Thought for the day
What joy for those whose strength comes from the Lord, who have set their minds on a pilgrimage to Jerusalem.
When they walk through the Valley of Weeping, it will become a place of refreshing springs.
On a walk, what we see in the distance can be quite different when we get close. Similarly in life, our reaction to what we see can change dramatically, when we get a different perspective. This is a story of how what appears one way, can turn out differently.
At certain times of year, groups would set out to Jerusalem to celebrate a festival at the Temple. They would walk on bad roads with hills, valleys and dangerous ravines, and they probably gave them nick-names, like we do.The psalm writer’s Valley of Weeping (Hebrew baka) could also be called the Valley of Poplars, a double meaning not lost on the original hearers.
- Poplars grow close to water — so travellers in a dry, dusty country who saw poplars on the horizon would anticipate being able to drink.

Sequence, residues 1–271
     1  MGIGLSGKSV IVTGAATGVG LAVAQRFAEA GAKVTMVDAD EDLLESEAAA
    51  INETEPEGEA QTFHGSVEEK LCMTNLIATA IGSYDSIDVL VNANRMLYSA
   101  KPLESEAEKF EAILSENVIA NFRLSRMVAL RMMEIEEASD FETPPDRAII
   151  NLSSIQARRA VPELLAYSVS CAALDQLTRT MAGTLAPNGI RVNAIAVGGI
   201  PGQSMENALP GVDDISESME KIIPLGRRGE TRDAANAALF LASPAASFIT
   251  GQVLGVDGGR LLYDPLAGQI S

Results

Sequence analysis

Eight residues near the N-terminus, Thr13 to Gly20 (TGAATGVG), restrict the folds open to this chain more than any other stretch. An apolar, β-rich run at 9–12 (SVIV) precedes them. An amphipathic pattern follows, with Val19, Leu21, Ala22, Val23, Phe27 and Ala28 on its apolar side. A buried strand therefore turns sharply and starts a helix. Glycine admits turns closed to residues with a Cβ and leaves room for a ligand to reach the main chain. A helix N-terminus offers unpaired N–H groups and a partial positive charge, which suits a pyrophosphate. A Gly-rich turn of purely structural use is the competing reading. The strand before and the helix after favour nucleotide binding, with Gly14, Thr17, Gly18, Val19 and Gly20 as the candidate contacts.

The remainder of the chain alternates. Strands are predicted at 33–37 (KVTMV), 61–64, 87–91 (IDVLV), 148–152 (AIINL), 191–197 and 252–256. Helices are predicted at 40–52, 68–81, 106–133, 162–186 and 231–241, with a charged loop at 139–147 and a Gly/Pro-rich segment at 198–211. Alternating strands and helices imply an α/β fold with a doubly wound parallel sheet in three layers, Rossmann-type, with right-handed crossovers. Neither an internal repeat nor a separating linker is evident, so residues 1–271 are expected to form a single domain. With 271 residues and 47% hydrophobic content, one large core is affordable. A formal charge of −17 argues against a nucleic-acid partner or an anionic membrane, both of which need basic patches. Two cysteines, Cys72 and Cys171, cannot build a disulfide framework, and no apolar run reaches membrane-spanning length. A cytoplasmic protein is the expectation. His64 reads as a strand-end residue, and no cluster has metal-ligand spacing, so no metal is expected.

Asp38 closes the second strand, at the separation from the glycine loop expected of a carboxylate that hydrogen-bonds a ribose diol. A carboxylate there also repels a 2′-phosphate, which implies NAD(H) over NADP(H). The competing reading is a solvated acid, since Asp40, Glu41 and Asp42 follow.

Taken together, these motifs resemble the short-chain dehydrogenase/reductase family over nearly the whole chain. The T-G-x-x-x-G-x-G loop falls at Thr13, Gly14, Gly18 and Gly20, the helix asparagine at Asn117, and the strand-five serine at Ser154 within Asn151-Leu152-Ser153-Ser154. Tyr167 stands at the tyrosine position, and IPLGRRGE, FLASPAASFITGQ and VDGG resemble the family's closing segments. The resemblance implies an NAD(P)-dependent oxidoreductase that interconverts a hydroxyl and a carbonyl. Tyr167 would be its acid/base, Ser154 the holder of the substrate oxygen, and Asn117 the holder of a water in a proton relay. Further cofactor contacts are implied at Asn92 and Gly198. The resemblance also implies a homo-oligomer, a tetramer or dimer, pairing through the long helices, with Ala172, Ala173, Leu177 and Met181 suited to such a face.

- There’s a deeper meaning here. The ones “walking through the Valley of Weeping” , are “on a pilgrimage“. So this is a picture of believers on a journey of faith, who (like all of us at times) have hit difficulties. Sometimes difficult times can be dry times — a sense of abandonment, nothing coming from the Lord, no fresh direction. The Valley of Weeping is the right name.
- But the Valley of Weeping can be turned into the Valley of Poplars, and there’s running water in that valley. There’s a place to drink and be refreshed.
- The place of “refreshing springs” is where the “times of refreshing” start, Acts 3:19. The psalm points to God’s greater purpose, which is always to bring spiritual renewal.
“Those whose strength comes from the Lord” are the ones “on a pilgrimage to Jerusalem” — walking with the Lord and knowing their destiny with Him. “For you,” the psalmist says, “the valley of tears will become the place of refreshing. Why? Because when we come to the end of ourselves with the Lord, we can find Him in a new way. He’ll let us struggle on for a time, but only so we find the place of refreshing — which we always do if we turn to Him.
The psalm holds out that exact promise.